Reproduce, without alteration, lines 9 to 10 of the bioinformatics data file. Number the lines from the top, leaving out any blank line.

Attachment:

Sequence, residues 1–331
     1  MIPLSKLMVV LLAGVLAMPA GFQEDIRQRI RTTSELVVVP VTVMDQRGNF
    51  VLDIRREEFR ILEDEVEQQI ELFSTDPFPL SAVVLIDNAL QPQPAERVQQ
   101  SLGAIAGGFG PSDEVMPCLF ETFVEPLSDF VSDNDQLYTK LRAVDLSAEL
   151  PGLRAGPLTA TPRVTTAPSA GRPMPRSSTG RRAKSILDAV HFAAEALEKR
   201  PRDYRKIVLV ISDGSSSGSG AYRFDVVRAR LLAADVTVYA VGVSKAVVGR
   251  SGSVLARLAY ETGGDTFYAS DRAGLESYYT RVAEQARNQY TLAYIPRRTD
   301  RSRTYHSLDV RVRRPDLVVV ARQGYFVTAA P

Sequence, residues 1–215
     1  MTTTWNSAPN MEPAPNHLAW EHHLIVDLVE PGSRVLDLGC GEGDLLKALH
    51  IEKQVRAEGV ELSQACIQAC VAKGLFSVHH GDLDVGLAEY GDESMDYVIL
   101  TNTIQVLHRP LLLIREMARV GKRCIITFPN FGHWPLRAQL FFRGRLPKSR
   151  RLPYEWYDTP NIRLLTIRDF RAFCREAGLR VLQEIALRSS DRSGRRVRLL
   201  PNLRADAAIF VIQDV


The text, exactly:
Sequence, residues 1–215
     1  MTTTWNSAPN MEPAPNHLAW EHHLIVDLVE PGSRVLDLGC GEGDLLKALH